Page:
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Omaha Magazine

River Stone Fireplace

Jan 07, 2015 01:53PM ● By Kristen Hoffman
When Kurt and Beth Bratches moved to Omaha from Connecticut just over a year ago, one of their must-haves was a home with a fireplace. “I grew up with a fireplace,” says Kurt, owner of All Things Home, a remodeling service.

A former day trader, Kurt and his family would often escape the buzz of Wall Street in the serene calm of the Adirondack Mountains, where cozy lodge rooms were commanded by roaring stone fireplaces. The Bratches channeled their vacation nostalgia as the focal point of the living room in their warm and inviting Country Club home.

Built in 1932, the home needed a few updates. “The fireplace was tragic,” Kurt says. “I tore everything out.” Beth, an interior designer with The Designers, came up with the design.

“I always think it’s important to let the house speak to you a little bit,” she says. “The paneling is not something we would have chosen. I think it was done in the '60s, but when you look at design, that’s kind of coming back. Let’s just replicate that design there so it goes with the house,” she says.

“The key is to update it without taking away the character and integrity of the house,” Kurt says. He first used a hand chisel to take out the existing hearth. “That was the un-fun part of it. It’s messy.” He then built the box and the surround. For the mantle he used a piece of reclaimed cedar from a friend’s barn in Connecticut.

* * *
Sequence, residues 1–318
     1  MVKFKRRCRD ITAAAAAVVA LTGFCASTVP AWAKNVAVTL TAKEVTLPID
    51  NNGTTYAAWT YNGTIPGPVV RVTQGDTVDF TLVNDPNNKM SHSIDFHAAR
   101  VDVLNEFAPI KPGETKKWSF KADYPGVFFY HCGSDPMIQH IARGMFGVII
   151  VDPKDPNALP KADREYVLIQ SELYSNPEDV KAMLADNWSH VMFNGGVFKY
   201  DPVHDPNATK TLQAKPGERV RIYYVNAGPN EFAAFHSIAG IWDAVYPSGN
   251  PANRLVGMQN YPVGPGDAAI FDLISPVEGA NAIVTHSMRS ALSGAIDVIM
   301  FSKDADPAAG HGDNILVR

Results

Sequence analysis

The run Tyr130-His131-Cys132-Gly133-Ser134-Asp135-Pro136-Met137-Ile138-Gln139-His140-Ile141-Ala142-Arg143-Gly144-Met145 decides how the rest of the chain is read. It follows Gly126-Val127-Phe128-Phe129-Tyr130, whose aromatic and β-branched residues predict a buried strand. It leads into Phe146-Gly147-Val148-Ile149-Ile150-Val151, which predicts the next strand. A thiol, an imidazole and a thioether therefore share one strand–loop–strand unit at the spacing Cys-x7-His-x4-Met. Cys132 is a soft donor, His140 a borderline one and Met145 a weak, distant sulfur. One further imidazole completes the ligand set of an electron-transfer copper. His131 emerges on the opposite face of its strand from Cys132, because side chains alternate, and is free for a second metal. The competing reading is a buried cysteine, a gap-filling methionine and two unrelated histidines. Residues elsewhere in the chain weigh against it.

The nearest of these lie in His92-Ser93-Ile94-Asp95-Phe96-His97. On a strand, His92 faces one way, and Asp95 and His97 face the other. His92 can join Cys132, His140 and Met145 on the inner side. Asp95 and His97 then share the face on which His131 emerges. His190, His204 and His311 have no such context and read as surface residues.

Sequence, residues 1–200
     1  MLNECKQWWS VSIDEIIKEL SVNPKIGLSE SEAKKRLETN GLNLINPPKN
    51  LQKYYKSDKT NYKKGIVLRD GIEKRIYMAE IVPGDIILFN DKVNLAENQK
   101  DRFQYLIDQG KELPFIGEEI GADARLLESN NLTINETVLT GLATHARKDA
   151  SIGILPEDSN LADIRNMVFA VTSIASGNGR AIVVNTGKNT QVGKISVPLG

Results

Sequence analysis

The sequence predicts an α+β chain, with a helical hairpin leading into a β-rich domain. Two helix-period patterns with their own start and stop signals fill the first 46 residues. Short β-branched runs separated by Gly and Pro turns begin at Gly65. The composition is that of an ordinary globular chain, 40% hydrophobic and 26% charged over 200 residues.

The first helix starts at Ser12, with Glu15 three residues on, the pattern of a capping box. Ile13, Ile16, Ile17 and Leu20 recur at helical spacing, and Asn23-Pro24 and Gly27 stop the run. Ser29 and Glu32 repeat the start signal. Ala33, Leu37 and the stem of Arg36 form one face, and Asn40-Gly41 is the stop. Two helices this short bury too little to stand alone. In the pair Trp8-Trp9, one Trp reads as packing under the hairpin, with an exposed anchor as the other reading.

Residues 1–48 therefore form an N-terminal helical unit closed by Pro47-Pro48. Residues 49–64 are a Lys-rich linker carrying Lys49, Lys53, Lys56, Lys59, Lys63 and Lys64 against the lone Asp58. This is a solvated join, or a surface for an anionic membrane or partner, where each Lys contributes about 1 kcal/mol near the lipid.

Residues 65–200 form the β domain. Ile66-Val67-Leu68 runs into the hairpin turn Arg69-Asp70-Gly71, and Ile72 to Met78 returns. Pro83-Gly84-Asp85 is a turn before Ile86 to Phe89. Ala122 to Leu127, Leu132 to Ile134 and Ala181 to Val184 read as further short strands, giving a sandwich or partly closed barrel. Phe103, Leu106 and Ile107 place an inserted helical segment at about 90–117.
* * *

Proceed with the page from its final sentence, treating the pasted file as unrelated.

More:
He used mason screws to secure the box to the masonry. “The idea is to put your fasteners on a spot that can be hidden.” Kurt then used a sheet of birch over the top. “I laid it up like a frame and then I put the pieces in between it and framed it all out,” he says.  He finished it with crown molding and gave it a coat of satin paint. “Satin gives it a nice patina.”

A tip from a pro? Kurt first taped the dimensions of the fireplace on the floor to experiment with the stone’s placement, like putting together a puzzle. “That’s how I figured out where everything was going to go,” he says.

The entire project cost $400 and took about a week to do. “You buy quality lumber. It just comes out better,” he says.

The cedar for the mantle wasn’t the only material that took a circuitous route to Omaha. The Bratches collected the project’s river stones from such sites as the Long Island Sound, Rhode Island’s Block Island, and Omaha’s Standing Bear Lake. One of the stones stands out among all others. The one engraved with the word “home” was a gift from their daughter.

The Bratches’ self-styled river stone fireplace now serves as a visual collection of some of their favorite memories…a love story written in stone.

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